India could have no need for imported physical gold within the next five years. That is the belief of Rajesh Khosla, Managing Director of MMTC-PAMP.

Khosla is the chairman emeritus of the group and has been pivotal in India’s bullion trade for many years. Speaking at the 6th India International Bullion summit, Khosla said India would stop importing gold within five years.

World Gold Council statistics show that India currently consumes somewhere between 800 and 900 tonnes of gold per year, with 750 tonnes coming from imports and 479 tonnes of that being refined gold (additional gold is doré or recycled).

In his speech, Khosla explained how domestic refineries will expand and produce doré bars (a mix of gold and silver) as well as recycle more scrap metal. India also currently imports gold to re-export it, on the basis of needing LBMA-approval in some cases. At the moment only one Indian refinery is LBMA-approved, but three more are expected to be approved within the next two years.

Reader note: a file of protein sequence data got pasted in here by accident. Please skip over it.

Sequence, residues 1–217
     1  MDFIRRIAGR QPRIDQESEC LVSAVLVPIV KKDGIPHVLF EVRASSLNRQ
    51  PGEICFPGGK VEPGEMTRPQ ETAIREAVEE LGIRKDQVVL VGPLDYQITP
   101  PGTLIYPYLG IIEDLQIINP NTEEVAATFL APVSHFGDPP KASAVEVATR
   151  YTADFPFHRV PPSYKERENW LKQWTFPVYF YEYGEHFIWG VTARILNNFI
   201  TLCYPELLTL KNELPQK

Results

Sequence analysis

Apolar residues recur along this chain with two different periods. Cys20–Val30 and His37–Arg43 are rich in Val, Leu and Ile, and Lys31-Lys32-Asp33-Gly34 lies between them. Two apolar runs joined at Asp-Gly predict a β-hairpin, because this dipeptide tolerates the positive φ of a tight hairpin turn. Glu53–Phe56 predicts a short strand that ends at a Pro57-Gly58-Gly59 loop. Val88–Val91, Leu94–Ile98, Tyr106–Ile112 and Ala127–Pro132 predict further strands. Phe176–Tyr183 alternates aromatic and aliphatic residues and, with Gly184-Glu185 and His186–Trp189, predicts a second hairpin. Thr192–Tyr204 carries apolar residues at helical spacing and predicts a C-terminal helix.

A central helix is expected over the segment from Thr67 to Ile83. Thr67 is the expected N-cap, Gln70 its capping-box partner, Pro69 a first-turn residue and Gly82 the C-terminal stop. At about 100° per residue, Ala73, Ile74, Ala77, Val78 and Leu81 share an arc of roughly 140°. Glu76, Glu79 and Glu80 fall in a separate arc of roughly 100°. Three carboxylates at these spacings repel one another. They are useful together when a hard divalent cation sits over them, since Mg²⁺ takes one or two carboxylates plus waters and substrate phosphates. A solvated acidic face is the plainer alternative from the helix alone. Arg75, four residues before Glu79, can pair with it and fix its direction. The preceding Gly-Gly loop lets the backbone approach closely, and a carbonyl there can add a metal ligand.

Khosla managed the partnership of Metals and Minerals Trading Corporation of India (MMTC), best known for their trading of coal, iron ore, and other metals, and PAMP – the Swiss bullion refiners and precious metal specialists. It is unknown to what degree PAMP may cover the LBMA-approved import/exports for India in the event of self-sufficiency, but there are plans to increase mining in India, with estimates of 100-150 tonnes of gold per year. These proposals are still pending Indian government approval.

The development of India’s gold industry would be welcomed, especially with strong traditional demand for the precious metal. Cryptocurrencies haven’t particularly hurt gold demand, while the likes of ETFs and the government’s Sovereign Gold Bond Scheme have only taken a small amount of demand away from physical gold. Greater domestic production and supply should theoretically help bring the gold price down in India, which would be helpful to investors at a time when the Indian Rupee is particularly weak against the US Dollar – the primary currency used for international gold trading.